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commŏnĕ-făcĭo (conm- ), fēci, factum (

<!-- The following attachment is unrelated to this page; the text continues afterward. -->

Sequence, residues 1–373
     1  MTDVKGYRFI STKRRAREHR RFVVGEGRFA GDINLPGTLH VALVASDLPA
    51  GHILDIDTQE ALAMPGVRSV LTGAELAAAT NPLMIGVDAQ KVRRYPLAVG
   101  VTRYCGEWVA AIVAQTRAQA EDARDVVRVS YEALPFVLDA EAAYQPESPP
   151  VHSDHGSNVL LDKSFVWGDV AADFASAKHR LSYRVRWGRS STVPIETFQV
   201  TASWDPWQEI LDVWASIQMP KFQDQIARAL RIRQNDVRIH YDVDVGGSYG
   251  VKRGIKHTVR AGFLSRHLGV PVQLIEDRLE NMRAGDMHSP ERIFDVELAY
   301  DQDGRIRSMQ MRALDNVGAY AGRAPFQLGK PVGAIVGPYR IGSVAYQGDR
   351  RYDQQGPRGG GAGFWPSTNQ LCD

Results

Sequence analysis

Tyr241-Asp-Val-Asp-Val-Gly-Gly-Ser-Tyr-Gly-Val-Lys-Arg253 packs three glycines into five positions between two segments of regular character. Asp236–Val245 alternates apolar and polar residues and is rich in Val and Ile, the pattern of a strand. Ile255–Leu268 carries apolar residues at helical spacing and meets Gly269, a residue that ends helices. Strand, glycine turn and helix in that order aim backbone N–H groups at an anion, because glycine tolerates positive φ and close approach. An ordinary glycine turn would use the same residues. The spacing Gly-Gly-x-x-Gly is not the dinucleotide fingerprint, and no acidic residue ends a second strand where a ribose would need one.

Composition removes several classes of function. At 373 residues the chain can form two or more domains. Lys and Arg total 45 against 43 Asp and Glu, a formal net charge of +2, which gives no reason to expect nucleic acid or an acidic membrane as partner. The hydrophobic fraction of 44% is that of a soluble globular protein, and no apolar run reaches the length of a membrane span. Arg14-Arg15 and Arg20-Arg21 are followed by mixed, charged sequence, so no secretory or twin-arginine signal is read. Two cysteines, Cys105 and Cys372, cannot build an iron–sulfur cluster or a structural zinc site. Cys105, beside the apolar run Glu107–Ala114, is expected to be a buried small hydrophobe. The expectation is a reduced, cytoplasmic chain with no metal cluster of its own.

I.pass. -fio, -factus sum, -fieri), 3, v. a. commoneo, to remind one forcibly (of something), to put in mind, to admonish, to impress upon (in good prose, most freq. in Cic.); constr. with acc. (personae or rei), a rel.clause, ut or acc. and inf.: “te propter magnitudinem provinciae etiam atque etiam esse commonefaciendum,Cic. Fam. 13, 72, 1; cf. “humorously: commonefacere aliquem monimentis bubulis,to give one a remembrance, Plaut. Stich. 1, 2, 6.—With aliquem alicujus rei: “cum ipse te veteris amicitiae commonefaceret, Auct,Her. 4, 24, 35; so, “quemque beneficii sui,Sall. J. 49, 4; and pass., Cic. Verr. 2, 5, 43, § 112.—With aliquem de aliquā re, Cod. Th. 1, 1, 3: simul commonefacit, quae ipso praesente in concilio Gallorum de Dumnorige sint dicta, * Caes. B. G. 1, 19 fin.; so with a rel.-clause, Metell. ap. Cic. Fam. 5, 3, 2: simul commonefecit, sanxisse Augustum, etc., * Tac. A. 6, 12: “illi eum commonefaciunt, ut, etc.,Cic. Verr. 2, 2, 17, § 41.—With acc. rei: “istius turpem praeturam,Cic. Verr. 2, 4, 64, § 144: “mores vetustatis,Vitr. 2, 1, 5.
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